Dad dot info
DAD.info form. Ask questions, get answers

Wired for music

<a href="https://www.dad.info/" target="_blank">DAD.info</a>

DAD.info

19 Nov 2013

I had literally bundled my two kids in through the door after a long car journey back from visiting my mum fifty miles away when my mobile rang. Caller ID said “Mum”.

“Hello mum,” I answered

“I’ve just seen that you forgot Arun’s red ukulele here. It’s in my bedroom. Do you want me to dash to the post office and mail it to you?” she said.

“No mum, don’t’ be silly. I’ll pick it up from you next time I see you.”

“Are you sure he’ll be OK without it?” she asked.

“Listen, he’s got a guitar and he can borrow his sister’s ukulele if he misses it.” I was pretty sure we’d survive.

I could understand mum’s worry though. Arun loves music and all things musical. He has a particular love of guitars and all things that are guitar-like. As far as he is concerned his little red ukulele is actually a perfect little red Arun sized guitar.

Such is his love of music that we are starting to develop a special, music based curriculum for him. Because of his disabilities there are very few things that really connect with Arun and since his birth music is the one thing that has consistently motivated him to do things. At his special needs school, after some persuasion, they agreed to let him have access to a music therapist. So, every Monday afternoon, Arun now spends an hour with a music therapist who helps him explore the world and express himself through music. The difference is incredible, he talks about what he did at school for the first time and quite obviously enjoys going to school more than ever before. Much more than this, we are now seeking to find ways of baking music into his broader curriculum to help him learn some broader skills and knowledge.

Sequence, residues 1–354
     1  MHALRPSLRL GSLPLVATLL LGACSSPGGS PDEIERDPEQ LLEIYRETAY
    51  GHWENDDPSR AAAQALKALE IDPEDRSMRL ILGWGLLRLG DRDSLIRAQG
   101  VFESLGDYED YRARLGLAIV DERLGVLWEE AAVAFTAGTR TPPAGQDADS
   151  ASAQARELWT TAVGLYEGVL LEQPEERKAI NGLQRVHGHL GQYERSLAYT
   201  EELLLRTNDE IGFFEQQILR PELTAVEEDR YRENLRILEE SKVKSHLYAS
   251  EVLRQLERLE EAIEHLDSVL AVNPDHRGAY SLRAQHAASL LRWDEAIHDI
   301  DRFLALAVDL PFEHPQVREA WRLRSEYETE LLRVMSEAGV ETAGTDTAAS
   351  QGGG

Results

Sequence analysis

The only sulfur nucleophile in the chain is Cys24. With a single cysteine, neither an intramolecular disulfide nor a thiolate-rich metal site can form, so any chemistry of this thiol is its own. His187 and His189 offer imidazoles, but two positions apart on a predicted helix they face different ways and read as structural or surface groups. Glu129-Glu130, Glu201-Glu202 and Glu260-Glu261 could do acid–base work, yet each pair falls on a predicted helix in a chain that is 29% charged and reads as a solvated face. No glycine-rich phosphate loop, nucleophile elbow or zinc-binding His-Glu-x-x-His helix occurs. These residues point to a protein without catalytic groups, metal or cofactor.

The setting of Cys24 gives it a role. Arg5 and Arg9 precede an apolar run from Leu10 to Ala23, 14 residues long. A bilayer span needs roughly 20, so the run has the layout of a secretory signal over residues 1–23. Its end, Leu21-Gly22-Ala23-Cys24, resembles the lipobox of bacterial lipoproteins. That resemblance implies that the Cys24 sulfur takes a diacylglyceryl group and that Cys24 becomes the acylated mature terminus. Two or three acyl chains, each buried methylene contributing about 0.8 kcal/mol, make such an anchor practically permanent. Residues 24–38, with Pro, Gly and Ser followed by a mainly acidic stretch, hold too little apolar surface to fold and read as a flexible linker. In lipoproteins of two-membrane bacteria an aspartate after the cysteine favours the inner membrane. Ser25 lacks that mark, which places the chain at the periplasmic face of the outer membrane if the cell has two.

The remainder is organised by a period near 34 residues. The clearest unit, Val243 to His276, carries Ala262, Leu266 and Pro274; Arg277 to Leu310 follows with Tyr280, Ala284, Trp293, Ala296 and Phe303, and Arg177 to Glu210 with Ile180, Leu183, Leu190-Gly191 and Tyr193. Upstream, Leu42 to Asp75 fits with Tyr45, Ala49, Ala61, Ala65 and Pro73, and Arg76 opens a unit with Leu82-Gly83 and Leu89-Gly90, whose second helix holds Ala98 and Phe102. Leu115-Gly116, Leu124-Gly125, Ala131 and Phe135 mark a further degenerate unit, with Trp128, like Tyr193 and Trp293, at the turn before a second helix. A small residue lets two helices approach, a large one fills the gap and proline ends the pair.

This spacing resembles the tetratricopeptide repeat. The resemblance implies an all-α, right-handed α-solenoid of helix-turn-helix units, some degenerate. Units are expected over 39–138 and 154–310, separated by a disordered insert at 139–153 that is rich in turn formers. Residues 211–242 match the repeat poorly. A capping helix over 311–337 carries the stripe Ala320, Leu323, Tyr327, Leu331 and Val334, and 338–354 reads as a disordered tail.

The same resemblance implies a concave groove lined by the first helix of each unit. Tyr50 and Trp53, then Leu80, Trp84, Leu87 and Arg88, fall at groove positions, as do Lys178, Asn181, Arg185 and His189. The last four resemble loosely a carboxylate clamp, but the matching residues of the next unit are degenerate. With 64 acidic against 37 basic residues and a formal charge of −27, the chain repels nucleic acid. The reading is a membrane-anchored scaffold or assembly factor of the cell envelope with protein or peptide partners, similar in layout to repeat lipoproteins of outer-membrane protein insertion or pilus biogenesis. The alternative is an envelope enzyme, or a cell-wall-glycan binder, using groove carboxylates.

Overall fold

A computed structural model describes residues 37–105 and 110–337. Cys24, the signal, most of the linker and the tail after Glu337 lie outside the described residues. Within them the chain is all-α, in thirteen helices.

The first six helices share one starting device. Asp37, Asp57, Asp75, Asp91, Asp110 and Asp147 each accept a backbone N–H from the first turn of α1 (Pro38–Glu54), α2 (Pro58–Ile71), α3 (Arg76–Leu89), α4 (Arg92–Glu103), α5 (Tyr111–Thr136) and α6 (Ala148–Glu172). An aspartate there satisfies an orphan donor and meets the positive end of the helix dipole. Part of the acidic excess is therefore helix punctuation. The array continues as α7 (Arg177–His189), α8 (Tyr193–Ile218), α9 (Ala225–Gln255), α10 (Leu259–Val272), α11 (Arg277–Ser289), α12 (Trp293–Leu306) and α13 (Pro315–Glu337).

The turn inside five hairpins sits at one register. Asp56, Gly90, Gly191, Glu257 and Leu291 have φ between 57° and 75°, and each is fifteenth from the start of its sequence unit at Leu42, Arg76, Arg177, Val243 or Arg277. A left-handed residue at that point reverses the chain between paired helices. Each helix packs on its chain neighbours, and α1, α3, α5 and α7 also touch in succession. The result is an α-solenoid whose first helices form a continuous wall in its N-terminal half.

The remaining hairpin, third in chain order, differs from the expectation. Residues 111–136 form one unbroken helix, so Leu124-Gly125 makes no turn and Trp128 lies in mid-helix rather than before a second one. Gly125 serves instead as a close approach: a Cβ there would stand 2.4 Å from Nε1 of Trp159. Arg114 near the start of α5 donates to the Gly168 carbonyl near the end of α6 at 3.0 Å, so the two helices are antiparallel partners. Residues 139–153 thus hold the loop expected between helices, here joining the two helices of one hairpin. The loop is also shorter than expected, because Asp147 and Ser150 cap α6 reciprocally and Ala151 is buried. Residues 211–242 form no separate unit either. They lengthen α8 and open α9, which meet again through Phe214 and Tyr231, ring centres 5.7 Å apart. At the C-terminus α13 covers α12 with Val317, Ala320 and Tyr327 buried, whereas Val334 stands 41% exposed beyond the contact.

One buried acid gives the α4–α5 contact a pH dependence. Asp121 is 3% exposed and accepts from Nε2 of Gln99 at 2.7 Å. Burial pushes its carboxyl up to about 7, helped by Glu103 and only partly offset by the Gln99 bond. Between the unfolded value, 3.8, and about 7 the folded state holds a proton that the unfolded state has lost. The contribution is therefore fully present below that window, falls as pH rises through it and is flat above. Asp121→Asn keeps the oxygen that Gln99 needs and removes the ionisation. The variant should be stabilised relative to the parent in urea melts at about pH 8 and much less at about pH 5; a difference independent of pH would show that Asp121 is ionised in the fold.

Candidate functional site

He can’t count to twenty but he can sing you every note of the guitar lines in “Sweet Child O Mine”. He won’t engage in conversation with you but will happily sing the chorus to Snow Patrol’s “Run” with real emotion. As his music therapist said recently, Arun’s brain is wired for music.

The next morning, as he came down the stairs Arun asked, “Want my ukulele. Where’s my red ukulele?”

“Sorry darling,” I answered him, “You’ll have to play with your guitar. We left the red ukulele at Granny’s house.”

Arun’s bottom lip started to quiver and pretty soon huge tears of loss were rolling down his cheeks as he sobbed uncontrollably. He was inconsolable. He felt the loss of his ukulele with a heartfelt passion.

His three year old sister, Meri looked on aghast. She understood Arun’s love of music rather better than her flippant father did. She ran into the lounge and came back clutching her pink ukulele. She thrust it into his hands on the stair where he stood with a wet face, gasping for air.

“Here you go, Arun,” she said, “don’t worry. You can borrow mine.”

Related entries

Too old for this

Too old for this

It was late on a Thursday evening and Rodger and I were walking up Upper Street in Islington, looking for a Thai restaurant. We were a little worse for wear   “You OK?” he asked looking at my awkward gait. “Yeah,” I said with that little inflection that indicated...

The big day

The big day

I could hear the rustling from the room next-door and glanced at my watch: 6:30 am. I groaned to myself but there was a certain inevitability about it   The kids bounded into our room moments later. “Is Uncle Steve here? Is he here?” They asked excitedly. “Yes,...

The big questions

The big questions

I was walking home from school with my five year old daughter. As we approached our front door she looked up at me   “Daddy?” she asked in that tone of voice that all dads will recognise as a precursor to something that they’ve been pondering. “Yes?” I answered...

Latest entries

Why Fathers Should Teach Their Kids About Money…

Why Fathers Should Teach Their Kids About Money…

'When my daughter was 17', writes Michael Gilmore (The Seven Dollar Millionaire) 'I had a series of frightening revelations that set me on an unusual path, one that resulted in me writing her a modern fairytale, Happy Ever After: Financial Freedom Isn’t A Fairy...

Pin It on Pinterest